How about the other problem with three calls? It could be solved similarly:

fun showNews() { viewModelScope.launch { val config = getConfigFromApi() val news = getNewsFromApi(config) val user = getUserFromApi() view.showNews(user, news) } }

This solution looks good, but how it works is not optimal. These calls will happen sequentially (one after another), so if each of them takes 1 second, the whole function will take 3 seconds instead of 2 seconds, which we can achieve if the API calls execute in parallel. This is where the Kotlin coroutines library helps us with functions like async, which can be used to immediately start another coroutine with some request and wait for its result to arrive later (with the await function).

fun showNews() { viewModelScope.launch { val config = async { getConfigFromApi() } val news = async { getNewsFromApi(config.await()) } val user = async { getUserFromApi() } view.showNews(user.await(), news.await()) } }

This code is still simple and readable. It uses the async/await pattern that is popular in other languages, including JavaScript or C#. It is also efficient and does not cause memory leaks. The code is both simple and well implemented.

With Kotlin coroutines, we can easily implement different use cases and use other Kotlin features. For instance, they do not block us from using for-loops or collection-processing functions. Below, you can see how the next pages might be downloaded in parallel or one after another.

// all pages will be loaded simultaneously fun showAllNews() { viewModelScope.launch { val allNews = (0 until getNumberOfPages()) .map { page -> async { getNewsFromApi(page) } } .flatMap { it.await() } view.showAllNews(allNews) } } // next pages are loaded one after another fun showPagesFromFirst() { viewModelScope.launch { for (page in 0 until getNumberOfPages()) { val news = getNewsFromApi(page) view.showNextPage(news) } } }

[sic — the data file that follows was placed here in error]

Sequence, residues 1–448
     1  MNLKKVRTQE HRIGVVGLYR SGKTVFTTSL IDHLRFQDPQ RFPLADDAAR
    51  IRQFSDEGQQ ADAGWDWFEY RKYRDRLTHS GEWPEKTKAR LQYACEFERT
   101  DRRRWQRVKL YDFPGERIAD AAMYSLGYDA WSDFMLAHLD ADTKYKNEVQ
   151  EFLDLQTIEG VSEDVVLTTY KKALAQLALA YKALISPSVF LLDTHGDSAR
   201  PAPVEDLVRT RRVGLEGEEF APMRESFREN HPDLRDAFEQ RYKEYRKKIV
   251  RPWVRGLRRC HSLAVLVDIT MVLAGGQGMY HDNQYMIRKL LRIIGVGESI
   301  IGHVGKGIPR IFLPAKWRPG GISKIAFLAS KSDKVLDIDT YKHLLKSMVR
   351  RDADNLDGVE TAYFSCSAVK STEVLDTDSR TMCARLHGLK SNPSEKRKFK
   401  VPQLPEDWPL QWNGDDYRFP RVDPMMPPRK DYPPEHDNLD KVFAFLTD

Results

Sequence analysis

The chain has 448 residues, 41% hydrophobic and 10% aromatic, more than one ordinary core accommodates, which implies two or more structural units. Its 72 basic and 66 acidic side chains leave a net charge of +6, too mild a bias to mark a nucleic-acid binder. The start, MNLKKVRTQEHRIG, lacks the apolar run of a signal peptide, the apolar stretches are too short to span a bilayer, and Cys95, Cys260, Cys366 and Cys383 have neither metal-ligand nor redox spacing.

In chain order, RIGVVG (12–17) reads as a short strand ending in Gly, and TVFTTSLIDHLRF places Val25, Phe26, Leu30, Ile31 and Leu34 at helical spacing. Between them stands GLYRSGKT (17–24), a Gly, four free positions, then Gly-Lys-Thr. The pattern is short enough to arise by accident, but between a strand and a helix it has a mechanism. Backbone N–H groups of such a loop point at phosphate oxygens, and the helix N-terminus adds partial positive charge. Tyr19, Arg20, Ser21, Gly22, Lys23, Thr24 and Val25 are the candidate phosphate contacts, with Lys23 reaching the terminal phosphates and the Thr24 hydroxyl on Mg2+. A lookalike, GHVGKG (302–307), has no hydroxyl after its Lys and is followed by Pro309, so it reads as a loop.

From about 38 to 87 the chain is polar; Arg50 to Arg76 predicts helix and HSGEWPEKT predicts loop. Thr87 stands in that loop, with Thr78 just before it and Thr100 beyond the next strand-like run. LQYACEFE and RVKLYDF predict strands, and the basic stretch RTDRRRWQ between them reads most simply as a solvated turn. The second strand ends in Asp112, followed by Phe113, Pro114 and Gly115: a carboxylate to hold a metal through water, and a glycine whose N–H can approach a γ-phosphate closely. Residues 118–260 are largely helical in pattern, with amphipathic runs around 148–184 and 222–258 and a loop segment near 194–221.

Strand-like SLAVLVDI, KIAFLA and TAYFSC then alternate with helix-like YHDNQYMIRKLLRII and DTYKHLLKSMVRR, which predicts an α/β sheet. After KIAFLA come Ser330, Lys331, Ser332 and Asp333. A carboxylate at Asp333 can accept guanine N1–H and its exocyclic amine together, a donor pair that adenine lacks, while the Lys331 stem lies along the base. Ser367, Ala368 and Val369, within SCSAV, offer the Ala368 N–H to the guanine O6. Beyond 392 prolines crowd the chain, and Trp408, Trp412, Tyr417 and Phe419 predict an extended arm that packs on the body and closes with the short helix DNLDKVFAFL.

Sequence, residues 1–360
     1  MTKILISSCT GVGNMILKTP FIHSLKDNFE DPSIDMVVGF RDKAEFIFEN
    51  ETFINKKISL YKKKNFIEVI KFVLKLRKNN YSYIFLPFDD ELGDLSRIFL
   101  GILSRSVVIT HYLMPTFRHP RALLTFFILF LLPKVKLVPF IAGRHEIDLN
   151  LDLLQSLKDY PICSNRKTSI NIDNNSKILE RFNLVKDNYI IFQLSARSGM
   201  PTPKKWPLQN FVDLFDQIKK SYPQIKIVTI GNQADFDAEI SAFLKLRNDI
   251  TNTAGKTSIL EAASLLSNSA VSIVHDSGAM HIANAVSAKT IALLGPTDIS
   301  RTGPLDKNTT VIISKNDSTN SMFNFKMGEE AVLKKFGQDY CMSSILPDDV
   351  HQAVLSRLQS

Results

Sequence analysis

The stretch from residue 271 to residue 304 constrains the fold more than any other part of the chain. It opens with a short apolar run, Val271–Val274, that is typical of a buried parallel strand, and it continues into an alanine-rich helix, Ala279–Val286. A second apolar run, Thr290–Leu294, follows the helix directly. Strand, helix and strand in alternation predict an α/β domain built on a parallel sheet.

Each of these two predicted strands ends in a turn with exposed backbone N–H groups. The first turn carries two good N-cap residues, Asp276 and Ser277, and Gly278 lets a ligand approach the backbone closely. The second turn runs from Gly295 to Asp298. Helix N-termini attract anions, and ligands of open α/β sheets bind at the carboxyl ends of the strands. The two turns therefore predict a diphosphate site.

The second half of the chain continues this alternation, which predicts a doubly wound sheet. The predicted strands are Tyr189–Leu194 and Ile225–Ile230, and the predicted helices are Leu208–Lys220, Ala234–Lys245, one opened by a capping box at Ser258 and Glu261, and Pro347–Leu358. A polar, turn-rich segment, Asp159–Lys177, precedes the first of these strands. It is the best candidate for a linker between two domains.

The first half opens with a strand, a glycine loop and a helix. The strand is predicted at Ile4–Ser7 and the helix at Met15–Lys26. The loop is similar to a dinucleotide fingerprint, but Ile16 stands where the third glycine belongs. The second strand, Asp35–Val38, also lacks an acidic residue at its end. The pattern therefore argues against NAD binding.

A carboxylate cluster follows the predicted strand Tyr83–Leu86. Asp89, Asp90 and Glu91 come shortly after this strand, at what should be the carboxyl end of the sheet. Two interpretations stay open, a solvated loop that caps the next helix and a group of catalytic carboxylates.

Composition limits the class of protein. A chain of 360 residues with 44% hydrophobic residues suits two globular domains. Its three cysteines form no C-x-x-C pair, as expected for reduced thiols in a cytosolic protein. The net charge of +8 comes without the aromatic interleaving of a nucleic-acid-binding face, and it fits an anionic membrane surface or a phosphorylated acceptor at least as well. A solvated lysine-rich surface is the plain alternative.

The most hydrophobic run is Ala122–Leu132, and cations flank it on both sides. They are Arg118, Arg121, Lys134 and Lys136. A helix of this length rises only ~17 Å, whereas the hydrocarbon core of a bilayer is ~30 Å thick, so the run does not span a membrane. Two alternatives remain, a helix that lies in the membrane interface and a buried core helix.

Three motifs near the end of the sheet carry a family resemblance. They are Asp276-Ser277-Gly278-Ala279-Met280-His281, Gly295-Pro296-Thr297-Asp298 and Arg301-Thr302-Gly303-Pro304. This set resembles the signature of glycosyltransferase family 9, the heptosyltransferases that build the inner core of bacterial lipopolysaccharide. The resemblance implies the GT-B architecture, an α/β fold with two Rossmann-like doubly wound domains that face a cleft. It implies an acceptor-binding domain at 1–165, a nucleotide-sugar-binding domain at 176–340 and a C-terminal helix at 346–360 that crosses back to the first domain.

Coroutines on the backend

In my opinion, the biggest advantage of using coroutines on the backend is simplicity. Unlike RxJava, using coroutines barely changes how our code looks. In most cases, migrating from threads to coroutines only involves adding the suspend modifier. When we do this, we can easily introduce concurrence, test concurrent behavior, cancel coroutines, and use all the other powerful features we will explore in this book.

suspend fun getArticle( articleKey: String, lang: Language ): ArticleJson? { return articleRepository.getArticle(articleKey, lang) ?.let { toArticleJson(it) } } suspend fun getAllArticles( userUuid: String?, lang: Language ): List<ArticleJson> = coroutineScope { val user = async { userRepo.findUserByUUID(userUuid) } val articles = articleRepo.getArticles(lang) articles .filter { hasAccess(user.await(), it) } .map { toArticleJson(it) } }